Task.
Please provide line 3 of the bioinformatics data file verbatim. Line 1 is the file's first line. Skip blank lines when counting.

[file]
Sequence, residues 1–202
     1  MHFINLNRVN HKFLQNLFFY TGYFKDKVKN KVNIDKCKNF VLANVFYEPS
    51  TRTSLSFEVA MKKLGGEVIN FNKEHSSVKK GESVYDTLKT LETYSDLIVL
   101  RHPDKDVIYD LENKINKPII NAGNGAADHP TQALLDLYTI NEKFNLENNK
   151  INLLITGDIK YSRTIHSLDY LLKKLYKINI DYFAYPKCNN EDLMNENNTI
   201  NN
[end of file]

    51  TRTSLSFEVA MKKLGGEVIN FNKEHSSVKK GESVYDTLKT LETYSDLIVL